I simply select the source location for the JDBC configuration and then deploy it with a name such as sampleDS. The data source will now be registered as an Application Data Source, which is different than a System Data Source (since I don’t seem to be able to use Application Data Sources with the creation of a JDBC Persistent Store for JMS).

Now that I understand how to do this with JDBC configurations, I can do it with JMS configuration as well. JMS gets more complicated though based on how WebLogic structures the JMS components into deployable units, as well as the introduction to very unique resources (ConnectionFactory, Queue, Topic, and Store-and-Forward). Also, WebLogic supports a concept known as Uniform Distributed Queue and Uniform Distributed Topic, which has different configurations within the XML file. Also, WebLogic requires specific targeting when deploying resources.

So let’s talk about some JMS best practices first, and these are also some great resources:

Next, let’s talk about some of the deployment and setup information I need:

  1. A JMS Server should be created for each Managed Server instance
  2. In order to have a JMS Server deploy to a Managed Server (migratable), I must not use the default store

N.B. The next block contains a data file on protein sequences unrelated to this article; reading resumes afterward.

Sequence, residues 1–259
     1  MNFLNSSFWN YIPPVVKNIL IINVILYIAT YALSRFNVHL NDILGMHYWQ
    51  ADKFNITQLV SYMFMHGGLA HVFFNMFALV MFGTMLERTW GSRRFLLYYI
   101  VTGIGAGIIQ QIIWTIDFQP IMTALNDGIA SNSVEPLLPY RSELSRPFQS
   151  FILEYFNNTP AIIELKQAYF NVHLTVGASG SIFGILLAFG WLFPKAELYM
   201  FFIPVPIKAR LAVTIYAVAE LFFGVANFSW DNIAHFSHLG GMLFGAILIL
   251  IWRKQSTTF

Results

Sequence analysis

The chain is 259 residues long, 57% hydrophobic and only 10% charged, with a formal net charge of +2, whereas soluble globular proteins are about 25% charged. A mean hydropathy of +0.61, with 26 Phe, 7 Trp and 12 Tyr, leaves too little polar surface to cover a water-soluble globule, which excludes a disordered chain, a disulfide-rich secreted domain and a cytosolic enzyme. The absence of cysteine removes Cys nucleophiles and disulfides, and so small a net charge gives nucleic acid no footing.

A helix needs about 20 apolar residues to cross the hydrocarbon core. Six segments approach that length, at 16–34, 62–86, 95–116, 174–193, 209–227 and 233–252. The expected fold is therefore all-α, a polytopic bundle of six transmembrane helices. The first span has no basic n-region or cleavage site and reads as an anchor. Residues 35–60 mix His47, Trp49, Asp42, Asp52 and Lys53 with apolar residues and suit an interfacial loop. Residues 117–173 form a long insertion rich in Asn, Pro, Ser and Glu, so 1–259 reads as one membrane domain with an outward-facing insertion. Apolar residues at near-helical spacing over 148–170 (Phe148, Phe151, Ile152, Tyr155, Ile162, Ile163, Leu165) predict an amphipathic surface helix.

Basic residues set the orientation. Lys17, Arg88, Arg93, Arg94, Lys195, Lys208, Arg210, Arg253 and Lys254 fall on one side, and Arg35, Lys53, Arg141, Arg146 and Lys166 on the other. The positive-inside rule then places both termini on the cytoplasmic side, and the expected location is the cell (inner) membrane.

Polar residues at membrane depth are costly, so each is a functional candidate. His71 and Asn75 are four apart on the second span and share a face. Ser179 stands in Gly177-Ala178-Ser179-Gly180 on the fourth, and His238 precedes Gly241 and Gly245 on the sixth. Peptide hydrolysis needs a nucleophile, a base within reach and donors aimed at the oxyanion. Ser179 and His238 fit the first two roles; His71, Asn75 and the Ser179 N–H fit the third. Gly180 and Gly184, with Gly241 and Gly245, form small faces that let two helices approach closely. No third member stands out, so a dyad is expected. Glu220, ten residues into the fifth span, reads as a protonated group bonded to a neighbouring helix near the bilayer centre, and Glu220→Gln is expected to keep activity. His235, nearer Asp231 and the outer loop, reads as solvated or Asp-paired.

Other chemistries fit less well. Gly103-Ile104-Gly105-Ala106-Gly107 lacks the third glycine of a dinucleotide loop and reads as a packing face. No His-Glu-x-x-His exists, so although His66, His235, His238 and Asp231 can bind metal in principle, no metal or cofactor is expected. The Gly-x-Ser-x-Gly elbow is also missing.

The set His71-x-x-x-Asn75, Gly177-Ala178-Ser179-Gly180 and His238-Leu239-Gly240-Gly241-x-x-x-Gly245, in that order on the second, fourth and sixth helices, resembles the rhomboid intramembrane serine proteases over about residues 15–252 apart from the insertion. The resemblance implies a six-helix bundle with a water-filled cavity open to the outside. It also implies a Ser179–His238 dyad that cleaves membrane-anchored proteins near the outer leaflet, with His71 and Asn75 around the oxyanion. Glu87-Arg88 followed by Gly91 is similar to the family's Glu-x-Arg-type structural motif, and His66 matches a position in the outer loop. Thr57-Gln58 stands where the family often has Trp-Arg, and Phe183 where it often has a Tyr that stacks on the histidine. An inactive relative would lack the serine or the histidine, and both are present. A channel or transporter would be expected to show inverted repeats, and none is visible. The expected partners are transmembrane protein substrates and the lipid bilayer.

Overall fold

3. A Store-And-Forward Agent should be created for each Managed Server instance
  4. JMS Connection Factories should use default-targeting-enabled=true so they are targeted to the cluster
  5. Queues/Topics/SAF Imported Destinations should name the XML file as the subdeployment
  6. Subdeployments should be targeted at the JMS Server (one for each Managed Server) or Store-And-Forward Agents

So a sample file would look like this (without Store-And-Forward):

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<?xml version='1.0' encoding='UTF-8'?>
<weblogic-jms xmlns="http://xmlns.oracle.com/weblogic/weblogic-jms" xmlns:sec="http://xmlns.oracle.com/weblogic/security" xmlns:wls="http://xmlns.oracle.com/weblogic/security/wls" xmlns:xsi="http://www.w3.org/2001/XMLSchema-instance" xsi:schemaLocation="http://xmlns.oracle.com/weblogic/weblogic-jms http://xmlns.oracle.com/weblogic/weblogic-jms/1.1/weblogic-jms.xsd">
  <connection-factory name="SampleConnectionFactory">
    <default-targeting-enabled>true</default-targeting-enabled>
    <jndi-name>com/foo/SampleConnectionFactory</jndi-name>
    <client-params>
      <client-id-policy>Restricted</client-id-policy>